Like most bass fishermen, I love to catch ’em on topwater baits. I fish on top whenever the opportunity presents itself, which is more often than you might think. The key is to match the right topwater bait to the conditions at hand.
I start throwing conventional walking style baits when the fish get on the beds, and I keep one tied on until the water turns cold in the fall. I like big walking baits like the 1.2-ounce MagDog 130 and the 1.5-ounce MagDog 150. Both are made by 6th Sense. Those baits can call fish from a long way off. I go with whichever one better matches the size of the bait the bass are feeding on. You can’t go wrong with chrome, white, bone or anything that looks like a shad.
Walking baits are great for covering open water over points, sunken brush and anywhere bass are schooling. That’s what most guys use them for. But I also do well with them just fishing down the bank.
I usually work my walking baits pretty fast so I can cover more water. I don’t want the bass to get a good look at them. I’m looking for that reaction strike. Largemouth, smallmouth and spotted bass all respond to a brisk action.
I fish walking baits with a 7-foot, 2-inch, medium-heavy action ALX rod. With 40-or 50-pound P-Line braid, I can cast a walking bait a mile. Sometimes I add an 8-inch mono leader.
I go to a popper when I’m up shallow casting to cover that isn’t too thick. It also comes through in the backs of pockets where bream are spawning and sometimes during the shad spawn. My go-to popper is the 6th Sense Splash Back in a shad or bluegill pattern.
I like to fish a popper early in the morning in a tournament and early and late in the day when I’m fun fishing. I slow down with a popper. I’ll throw it up next to a small brush pile, tree or a stump. Then I pop it a few times and let it set for a few seconds.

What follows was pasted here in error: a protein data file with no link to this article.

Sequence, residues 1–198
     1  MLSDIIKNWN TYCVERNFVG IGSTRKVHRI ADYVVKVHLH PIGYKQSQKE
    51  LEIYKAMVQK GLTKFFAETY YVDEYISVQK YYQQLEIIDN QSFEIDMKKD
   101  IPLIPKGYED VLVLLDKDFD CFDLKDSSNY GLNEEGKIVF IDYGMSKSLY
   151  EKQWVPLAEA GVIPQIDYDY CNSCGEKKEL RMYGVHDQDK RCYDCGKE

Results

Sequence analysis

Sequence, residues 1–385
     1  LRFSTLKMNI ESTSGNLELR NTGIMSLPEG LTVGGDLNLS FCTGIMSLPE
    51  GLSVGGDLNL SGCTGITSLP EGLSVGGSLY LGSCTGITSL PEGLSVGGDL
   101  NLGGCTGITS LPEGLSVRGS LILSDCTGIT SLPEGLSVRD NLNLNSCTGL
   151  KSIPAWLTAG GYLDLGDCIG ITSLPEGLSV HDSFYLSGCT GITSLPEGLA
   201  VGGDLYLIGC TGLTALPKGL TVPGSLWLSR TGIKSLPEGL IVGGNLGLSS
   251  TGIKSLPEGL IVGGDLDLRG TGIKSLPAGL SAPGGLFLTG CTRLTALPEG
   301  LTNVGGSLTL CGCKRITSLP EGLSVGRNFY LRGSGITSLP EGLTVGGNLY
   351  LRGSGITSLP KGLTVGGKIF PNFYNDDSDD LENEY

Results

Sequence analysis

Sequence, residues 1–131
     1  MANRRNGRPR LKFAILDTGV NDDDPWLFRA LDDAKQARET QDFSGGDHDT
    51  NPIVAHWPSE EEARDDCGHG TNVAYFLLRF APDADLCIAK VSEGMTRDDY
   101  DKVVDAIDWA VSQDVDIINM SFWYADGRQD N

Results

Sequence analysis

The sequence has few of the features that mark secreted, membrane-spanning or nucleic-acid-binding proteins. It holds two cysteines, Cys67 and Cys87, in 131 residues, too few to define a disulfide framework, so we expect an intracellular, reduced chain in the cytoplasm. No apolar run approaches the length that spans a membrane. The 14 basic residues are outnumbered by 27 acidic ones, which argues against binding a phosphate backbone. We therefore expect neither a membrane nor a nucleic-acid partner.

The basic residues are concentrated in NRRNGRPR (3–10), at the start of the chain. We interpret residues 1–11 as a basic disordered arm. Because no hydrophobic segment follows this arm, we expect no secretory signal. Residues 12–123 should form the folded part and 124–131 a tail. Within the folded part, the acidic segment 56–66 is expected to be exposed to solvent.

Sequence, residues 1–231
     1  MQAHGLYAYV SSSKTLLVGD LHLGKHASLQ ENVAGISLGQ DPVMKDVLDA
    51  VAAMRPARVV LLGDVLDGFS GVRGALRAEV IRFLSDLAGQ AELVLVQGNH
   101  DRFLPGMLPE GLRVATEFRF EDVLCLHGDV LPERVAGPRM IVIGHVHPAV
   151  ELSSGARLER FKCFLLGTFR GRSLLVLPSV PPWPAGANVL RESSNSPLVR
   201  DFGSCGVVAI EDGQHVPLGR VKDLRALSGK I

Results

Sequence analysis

I cast it with a 7-foot medium action rod and 17-pound mono. I don’t use mono for anything else.
A buzzbait is great during the shad spawn, especially if you have bank grass. It also works really well in the heat of the summer when bass are up cruising the bank and feeding on bream or whatever else they can find. And, it keeps catching them right through the fall.
You can’t beat a buzzbait for just covering lots of water. I’ve caught bass with a buzzbait over points, in the backs of creeks, next to docks, rocks and about any cover you can think of.
I usually fish a 1/2-ounce TrueSouth Custom Lures buzzbait, dressed with a green pumpkin, white or black Bizz Bait Pad Daddy Frog.
I use a Whopper Plopper in pretty much the same situations I fish a buzzbait. I tend to go more with the Plopper when I’m fishing sparse banks that have little cover. I also like the Plopper when there’s a little chop on the surface because it is noisier than a buzzbait.
Of course, you can work a hollow belly frog over grass where other topwater baits can’t be fished. But I don’t limit a frog to grass. I love to skip it under docks and overhanging limbs. It lets you show a topwater bait to bass in places where they normally don’t see one. That’s where it’s going to shine.
I tend to walk a frog faster than a lot of people. I very seldom stop it. When I do pause, it’s just for a second.